The COVID-19 pandemic has resulted in global challenges related to renewable energy, carbon emissions, and economic and healthcare crises, and has had spillover impacts on global industries, including tourism and travel, that are a major contributor to the service industry worldwide [15][16][17]. Any rise in the number of tourist arrivals requires an increase in energy demand to support the change [18]. Many countries and regions that are tourist destinations around the world wish to analyze and improve their tourism dynamics and increase tourism’s economic contributions. According to [19], tourism contributes to national economic growth and development and improves the standard of living, thus promoting a process of regional convergence and stimulating domestic demand. This study is focused on analyzing the impact of tourism on economic growth in Albania and Kosovo and the effect of perceptions on tourist behavior [20].
The tourism industries in Albania and Kosovo needed to begin positioning themselves as one singular destination that invites tourists for exploration and adventure. Albania and Kosovo should find mechanisms to increase demand and create facilities for services, especially transport and health care, as drawn from the perceptions of the respondents. Facing a crisis is not uncommon for companies in the tourism industry such as travel agencies, hotels, and transport, as almost every tourism company is faced with extraordinary events over time [21]; however, the occurrence of tourist crises often leads to a loss of faith and confidence in a destination’s safety. Perhaps one of the most pressing problems in tourism operations today relates to how businesses across all sub-sectors of the industry will be able to maintain the confidence and physical security of both customers and employees [22].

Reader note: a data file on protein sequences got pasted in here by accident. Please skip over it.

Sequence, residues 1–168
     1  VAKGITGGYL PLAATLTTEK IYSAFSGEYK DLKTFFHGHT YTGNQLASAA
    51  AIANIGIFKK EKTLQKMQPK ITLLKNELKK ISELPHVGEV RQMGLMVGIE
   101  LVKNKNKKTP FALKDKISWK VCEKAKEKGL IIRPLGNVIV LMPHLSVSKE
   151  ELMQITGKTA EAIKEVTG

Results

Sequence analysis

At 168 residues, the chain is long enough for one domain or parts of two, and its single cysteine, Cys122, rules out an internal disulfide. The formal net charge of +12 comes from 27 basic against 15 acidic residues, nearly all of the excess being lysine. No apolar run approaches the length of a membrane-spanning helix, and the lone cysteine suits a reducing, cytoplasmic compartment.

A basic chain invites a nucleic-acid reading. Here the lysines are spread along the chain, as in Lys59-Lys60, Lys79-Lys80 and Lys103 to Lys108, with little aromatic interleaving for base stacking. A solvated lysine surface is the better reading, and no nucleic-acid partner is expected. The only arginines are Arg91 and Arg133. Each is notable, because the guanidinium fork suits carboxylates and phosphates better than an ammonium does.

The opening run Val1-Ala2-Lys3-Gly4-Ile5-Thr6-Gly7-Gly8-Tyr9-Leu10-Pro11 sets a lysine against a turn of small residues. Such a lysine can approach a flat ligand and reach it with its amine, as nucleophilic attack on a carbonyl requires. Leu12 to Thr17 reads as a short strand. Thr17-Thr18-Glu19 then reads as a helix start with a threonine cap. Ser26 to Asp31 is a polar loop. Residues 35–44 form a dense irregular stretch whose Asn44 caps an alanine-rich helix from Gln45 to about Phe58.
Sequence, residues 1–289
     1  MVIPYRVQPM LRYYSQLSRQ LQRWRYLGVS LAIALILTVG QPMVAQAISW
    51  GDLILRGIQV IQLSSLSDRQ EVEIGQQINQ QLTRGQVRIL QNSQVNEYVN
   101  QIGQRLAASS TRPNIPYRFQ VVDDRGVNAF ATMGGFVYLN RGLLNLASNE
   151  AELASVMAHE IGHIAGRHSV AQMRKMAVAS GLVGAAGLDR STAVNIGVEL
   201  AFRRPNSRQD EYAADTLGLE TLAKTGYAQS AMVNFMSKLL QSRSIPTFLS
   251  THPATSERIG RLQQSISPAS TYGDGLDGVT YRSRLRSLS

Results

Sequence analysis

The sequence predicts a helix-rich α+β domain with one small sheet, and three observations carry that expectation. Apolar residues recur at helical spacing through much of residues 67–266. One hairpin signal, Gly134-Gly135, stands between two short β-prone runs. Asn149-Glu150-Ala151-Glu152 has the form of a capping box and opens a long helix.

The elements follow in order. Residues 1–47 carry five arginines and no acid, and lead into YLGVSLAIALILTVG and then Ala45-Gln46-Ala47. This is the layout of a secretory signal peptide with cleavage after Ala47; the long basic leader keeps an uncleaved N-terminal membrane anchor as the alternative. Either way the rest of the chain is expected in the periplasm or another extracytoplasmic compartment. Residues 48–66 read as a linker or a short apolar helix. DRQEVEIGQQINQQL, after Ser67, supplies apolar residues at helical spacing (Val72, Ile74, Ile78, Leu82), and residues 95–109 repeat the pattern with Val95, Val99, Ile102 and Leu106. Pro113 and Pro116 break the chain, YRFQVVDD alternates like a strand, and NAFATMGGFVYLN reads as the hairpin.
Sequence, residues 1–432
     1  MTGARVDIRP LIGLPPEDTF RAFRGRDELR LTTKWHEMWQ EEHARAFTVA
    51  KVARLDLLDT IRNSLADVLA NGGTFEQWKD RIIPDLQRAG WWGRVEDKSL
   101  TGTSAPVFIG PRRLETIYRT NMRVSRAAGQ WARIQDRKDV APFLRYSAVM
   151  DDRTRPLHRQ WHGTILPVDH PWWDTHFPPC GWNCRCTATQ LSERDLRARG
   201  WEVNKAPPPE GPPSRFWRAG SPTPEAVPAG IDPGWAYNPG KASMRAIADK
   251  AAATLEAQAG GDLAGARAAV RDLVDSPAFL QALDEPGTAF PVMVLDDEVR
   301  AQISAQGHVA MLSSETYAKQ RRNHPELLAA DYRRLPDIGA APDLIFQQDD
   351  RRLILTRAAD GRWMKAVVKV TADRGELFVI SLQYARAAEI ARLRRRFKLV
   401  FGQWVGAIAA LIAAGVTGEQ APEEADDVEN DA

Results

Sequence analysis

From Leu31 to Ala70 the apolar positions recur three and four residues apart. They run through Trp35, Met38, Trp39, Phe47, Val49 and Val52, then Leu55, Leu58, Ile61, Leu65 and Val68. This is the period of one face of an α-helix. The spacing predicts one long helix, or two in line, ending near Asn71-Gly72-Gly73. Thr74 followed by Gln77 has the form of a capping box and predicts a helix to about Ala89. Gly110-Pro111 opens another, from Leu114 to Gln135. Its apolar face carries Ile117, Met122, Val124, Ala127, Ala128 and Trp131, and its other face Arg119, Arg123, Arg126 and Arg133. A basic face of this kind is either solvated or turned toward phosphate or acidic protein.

The governments of Albania and Kosovo must increase their investment in developing such programs as well as in public education to deliver them in order to enhance social resilience and the sense of security felt by both tourists and communities, as this can have a substantial impact on the travel decisions of individual travelers and on travel behavior as a whole [23]. Fishbein and Ajzen (1975) emphasize that a person’s intention with respect to current issues in tourism is determined by his/her attitude and by individual perceptions [24]. The focus of their research is on addressing questions such as whether host communities should remodel their tourism offerings in order to comply with the changing demands of tourists. Even though this theory is used in different disciplines, researchers focused on the tourism sector, where this theory has been used to explain the decision-making process for destinations [25] and the responsible behavior of tourists [26]. In F1.1., the variable that has the highest value is Q4.2 = 0.771 (tourists appreciate the country’s cultures and lifestyle), while in F1.2., the variable that has the highest value is Q4.5 = 0.824; both of these variables have great importance for economic and financial development. As a part of the European region, blue tourism in Albania and mountain tourism in Kosovo are considered strategic priorities as instruments for development in specific regions of both countries. This can be approached as an integrated program in which, directly or indirectly, all sectors of society and the economy contribute. For Albania’s Ministry of Tourism, economic, environmental, and socio-cultural sustainability are prerequisites for the development of the tourism sector. Although facing more problems in different stages of development, tourism development in the Republic of Kosovo is already moving in the same direction as the overall development of the country’s economy. Kosovo, through placing itself in the center of the Balkan Peninsula as a tourist destination, is an important area that can be involved in the development of tourism both in the region and in Europe [27].